Google's 'Roll It' transforms your phone and PC into a virtual skee ball game

Prepare to waste some time today, though this game's a bit more difficult to hide from the boss than your average hand of Solitaire. Google's released a nifty little browser game dubbed Roll It, a virtual version of the classic skee ball game that shows what's possible when your phone and PC play nice together.

To get started, you need to bring up Roll It in your Chrome browser. Then on your phone’s browser, Chrome for Android or iOS (or the default browser will do too), you need to go to g.co/rollit and enter a game code displayed on the computer’s screen. Once the computer and phone are paired, you’re ready to go.

At first you will be asked to select the number of players. Up to three can play, using the same phone in turns. You do so by tilting the phone, which makes an on-screen ball roll to your selection. In the game, an on-screen slider helps you aim, while swinging the phone throws the ball.

Roll It becomes increasingly complex the longer you play, with different hole positions and difficulties. You'll also find special balls like the Hover Ball, which stops mid-air and gives you a few seconds to redirect the ball to a precise hole.

Overall, the game is fun an engaging, and makes novel use of the phone and browser. What more can you ask for in a productivity vortex?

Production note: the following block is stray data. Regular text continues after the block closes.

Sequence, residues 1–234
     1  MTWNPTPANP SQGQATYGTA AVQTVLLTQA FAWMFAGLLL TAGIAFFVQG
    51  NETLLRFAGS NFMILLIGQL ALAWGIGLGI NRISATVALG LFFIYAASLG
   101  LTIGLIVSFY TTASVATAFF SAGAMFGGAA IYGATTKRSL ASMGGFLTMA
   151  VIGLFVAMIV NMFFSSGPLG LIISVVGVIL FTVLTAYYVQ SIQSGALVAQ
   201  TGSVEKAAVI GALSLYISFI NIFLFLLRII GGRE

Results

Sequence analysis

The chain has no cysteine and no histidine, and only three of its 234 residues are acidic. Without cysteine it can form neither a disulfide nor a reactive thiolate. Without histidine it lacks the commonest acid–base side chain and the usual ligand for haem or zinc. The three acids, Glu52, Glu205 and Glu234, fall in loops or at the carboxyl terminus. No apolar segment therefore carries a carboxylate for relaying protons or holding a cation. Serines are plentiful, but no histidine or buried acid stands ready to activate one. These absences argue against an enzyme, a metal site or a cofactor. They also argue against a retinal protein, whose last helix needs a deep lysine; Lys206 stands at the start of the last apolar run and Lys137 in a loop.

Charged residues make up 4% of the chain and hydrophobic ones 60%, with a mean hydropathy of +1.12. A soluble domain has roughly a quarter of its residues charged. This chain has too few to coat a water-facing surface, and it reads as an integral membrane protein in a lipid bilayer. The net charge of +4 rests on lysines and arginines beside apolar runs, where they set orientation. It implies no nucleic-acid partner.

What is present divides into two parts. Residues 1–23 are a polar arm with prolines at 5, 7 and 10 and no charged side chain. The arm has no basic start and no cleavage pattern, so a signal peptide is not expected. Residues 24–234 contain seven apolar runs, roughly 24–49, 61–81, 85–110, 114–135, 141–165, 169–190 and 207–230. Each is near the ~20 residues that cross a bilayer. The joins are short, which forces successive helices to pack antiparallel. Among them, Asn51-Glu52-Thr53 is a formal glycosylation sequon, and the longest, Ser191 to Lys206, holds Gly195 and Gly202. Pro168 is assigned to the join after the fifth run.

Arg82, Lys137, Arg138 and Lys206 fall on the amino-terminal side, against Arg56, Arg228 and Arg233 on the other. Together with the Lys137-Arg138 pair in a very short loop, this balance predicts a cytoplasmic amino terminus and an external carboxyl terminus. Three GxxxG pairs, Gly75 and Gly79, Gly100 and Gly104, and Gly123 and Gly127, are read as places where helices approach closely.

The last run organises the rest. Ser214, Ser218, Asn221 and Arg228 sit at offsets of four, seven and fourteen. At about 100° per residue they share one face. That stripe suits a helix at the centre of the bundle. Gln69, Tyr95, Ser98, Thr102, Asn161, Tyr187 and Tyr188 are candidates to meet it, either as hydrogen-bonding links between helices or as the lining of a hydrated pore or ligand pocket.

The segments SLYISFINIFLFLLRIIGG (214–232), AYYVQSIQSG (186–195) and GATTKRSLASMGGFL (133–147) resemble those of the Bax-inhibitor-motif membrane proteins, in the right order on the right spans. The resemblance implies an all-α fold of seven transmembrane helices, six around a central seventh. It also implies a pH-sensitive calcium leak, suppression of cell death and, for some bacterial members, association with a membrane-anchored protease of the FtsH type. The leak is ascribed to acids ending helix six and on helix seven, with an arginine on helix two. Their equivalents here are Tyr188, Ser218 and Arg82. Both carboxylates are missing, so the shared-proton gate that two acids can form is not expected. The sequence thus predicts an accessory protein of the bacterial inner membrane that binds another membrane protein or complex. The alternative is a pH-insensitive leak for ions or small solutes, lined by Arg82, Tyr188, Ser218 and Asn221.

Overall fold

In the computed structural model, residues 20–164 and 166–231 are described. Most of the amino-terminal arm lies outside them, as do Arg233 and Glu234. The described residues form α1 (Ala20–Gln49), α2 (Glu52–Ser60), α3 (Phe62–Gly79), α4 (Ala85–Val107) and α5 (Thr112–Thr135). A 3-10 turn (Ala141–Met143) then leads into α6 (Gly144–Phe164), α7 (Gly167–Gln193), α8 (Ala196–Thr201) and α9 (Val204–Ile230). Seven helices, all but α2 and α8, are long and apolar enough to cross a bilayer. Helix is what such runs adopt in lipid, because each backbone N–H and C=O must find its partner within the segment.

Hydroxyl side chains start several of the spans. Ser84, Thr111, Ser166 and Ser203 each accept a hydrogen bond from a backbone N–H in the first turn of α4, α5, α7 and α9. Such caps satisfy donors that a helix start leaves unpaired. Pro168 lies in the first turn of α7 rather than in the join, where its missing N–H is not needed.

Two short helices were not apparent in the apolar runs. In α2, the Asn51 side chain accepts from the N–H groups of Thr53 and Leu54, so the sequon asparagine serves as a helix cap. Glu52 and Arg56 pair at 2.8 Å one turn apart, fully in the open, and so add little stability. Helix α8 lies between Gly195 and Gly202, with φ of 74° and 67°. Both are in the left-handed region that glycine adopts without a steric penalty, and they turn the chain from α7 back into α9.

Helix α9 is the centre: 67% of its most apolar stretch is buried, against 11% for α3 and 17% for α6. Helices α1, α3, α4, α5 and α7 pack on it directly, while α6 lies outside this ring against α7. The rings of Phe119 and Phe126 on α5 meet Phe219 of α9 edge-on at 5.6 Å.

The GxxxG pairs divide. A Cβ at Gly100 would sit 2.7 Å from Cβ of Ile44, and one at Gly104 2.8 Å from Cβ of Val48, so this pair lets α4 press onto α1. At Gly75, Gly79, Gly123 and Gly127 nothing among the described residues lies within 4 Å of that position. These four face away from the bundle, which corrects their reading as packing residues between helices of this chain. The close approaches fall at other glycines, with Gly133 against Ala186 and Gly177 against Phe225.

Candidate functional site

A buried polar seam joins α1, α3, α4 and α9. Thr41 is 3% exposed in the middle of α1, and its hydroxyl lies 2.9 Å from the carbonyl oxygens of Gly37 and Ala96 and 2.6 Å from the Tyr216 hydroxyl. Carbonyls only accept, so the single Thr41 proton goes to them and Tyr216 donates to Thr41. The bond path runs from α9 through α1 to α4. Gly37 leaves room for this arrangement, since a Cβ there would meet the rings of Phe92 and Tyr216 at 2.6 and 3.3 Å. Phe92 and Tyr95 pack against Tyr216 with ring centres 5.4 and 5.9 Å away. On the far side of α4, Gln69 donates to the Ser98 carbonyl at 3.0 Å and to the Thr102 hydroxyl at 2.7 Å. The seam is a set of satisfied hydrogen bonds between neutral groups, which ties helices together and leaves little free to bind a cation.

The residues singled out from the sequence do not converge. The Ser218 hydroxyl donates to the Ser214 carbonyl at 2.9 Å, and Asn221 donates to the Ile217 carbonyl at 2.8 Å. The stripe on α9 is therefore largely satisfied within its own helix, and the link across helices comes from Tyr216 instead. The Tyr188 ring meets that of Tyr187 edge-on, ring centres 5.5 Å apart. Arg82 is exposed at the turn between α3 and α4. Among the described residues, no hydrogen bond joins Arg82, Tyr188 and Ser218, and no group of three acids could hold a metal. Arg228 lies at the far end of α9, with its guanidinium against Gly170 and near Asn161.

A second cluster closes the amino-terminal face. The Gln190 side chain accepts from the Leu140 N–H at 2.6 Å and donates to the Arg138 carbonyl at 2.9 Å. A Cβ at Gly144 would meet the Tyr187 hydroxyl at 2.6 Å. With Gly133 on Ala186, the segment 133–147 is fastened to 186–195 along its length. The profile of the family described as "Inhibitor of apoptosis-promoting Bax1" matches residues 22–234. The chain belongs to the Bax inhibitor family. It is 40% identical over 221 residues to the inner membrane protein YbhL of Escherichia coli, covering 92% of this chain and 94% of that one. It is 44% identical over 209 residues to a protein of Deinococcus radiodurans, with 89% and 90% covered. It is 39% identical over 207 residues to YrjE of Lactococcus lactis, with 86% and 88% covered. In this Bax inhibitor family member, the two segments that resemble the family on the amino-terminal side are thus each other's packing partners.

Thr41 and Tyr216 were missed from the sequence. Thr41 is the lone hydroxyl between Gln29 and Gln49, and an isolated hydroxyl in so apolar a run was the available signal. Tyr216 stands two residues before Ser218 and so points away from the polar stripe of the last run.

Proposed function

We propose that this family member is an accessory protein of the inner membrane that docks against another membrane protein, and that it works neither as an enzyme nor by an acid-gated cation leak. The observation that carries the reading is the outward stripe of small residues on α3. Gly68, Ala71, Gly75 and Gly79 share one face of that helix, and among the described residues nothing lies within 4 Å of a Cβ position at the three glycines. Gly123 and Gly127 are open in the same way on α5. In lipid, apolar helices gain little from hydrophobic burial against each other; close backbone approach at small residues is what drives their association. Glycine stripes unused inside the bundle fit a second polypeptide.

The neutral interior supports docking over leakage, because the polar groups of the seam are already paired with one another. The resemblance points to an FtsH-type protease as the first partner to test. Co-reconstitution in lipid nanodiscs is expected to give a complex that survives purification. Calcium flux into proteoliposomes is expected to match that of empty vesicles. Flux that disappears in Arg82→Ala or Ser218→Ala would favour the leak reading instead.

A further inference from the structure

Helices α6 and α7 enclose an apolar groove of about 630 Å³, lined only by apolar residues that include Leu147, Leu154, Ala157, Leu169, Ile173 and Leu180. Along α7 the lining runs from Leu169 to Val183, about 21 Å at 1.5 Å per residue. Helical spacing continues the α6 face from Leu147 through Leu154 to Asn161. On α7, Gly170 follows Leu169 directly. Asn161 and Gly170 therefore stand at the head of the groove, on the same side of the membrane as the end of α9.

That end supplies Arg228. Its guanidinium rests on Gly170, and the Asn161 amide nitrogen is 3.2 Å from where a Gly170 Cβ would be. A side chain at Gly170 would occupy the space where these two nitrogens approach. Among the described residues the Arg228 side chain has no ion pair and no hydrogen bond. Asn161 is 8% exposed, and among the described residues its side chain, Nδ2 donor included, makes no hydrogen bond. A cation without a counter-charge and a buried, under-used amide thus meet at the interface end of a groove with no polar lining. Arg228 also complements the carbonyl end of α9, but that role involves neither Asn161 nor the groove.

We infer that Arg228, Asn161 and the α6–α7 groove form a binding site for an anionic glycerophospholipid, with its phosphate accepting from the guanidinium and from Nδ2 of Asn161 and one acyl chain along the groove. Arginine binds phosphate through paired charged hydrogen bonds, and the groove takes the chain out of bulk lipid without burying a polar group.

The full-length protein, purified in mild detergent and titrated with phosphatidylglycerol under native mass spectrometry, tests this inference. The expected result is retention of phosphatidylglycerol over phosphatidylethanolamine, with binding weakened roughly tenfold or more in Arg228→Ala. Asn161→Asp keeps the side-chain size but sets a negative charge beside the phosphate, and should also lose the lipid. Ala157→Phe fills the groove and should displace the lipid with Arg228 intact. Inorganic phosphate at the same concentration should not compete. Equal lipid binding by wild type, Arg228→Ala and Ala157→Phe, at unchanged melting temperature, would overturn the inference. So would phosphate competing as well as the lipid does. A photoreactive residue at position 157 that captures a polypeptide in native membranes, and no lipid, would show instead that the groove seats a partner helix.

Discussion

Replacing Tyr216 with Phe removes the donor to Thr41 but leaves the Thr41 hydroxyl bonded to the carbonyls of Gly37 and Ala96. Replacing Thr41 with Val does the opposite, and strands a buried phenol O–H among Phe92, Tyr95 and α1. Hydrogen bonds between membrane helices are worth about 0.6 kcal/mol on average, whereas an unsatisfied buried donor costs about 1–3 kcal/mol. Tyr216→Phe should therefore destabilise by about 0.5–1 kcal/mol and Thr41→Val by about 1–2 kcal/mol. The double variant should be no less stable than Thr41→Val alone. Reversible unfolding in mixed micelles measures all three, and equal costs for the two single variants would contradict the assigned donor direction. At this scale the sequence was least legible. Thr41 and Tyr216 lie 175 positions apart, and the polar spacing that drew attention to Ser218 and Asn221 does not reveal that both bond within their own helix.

Racer

If you’re looking for yet more Google Chrome experiment fun, check out Racer, another new release from Google (though this one works on mobile devices).

Like Roll It, Racer is a simple game with a modern twist. It works with up to five phones or tablets, which you have to pair and line-up to form the race circuit. Then to play, you touch the screen to accelerate and lift your finger to break as you go around the corner, otherwise you’ll fly of the track.

Want more? Here’s another one: Jam with Chrome, for the more musically inclined. This one was launched in late 2012, but it’s still a fun browser app that lets you to play music in real time with friends from anywhere across the globe, with 19 instruments of choice and up to four buddies in a session.

Between these amusing Chrome distractions and the new Play Services for Android, Google definitely has its head in the game these days.

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